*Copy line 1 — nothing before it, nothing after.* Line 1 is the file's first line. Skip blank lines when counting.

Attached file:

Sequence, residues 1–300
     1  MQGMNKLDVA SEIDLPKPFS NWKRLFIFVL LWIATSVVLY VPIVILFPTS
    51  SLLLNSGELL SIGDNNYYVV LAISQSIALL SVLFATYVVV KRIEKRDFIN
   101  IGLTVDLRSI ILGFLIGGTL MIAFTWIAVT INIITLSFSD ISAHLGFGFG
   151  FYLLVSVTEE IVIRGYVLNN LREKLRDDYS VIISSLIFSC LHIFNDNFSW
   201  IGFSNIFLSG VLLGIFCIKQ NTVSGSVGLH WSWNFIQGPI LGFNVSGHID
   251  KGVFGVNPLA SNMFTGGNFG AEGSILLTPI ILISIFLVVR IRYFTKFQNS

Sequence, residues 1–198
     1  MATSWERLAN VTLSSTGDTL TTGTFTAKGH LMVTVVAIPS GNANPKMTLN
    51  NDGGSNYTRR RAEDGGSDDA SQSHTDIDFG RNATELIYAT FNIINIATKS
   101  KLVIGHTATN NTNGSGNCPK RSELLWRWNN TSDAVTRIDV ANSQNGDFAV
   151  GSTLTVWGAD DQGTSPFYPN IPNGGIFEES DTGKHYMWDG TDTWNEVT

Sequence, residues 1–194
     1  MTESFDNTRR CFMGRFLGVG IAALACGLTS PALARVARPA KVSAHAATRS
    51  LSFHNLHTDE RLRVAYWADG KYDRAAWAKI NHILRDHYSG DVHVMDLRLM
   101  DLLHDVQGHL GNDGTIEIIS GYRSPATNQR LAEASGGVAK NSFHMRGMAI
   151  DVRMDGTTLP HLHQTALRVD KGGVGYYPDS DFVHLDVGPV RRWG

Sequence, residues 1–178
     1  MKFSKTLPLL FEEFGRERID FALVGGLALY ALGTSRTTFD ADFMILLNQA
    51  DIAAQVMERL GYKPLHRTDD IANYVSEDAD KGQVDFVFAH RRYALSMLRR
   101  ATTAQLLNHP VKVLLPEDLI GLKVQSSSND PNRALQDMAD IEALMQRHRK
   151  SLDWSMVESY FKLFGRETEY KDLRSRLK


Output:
Sequence, residues 1–300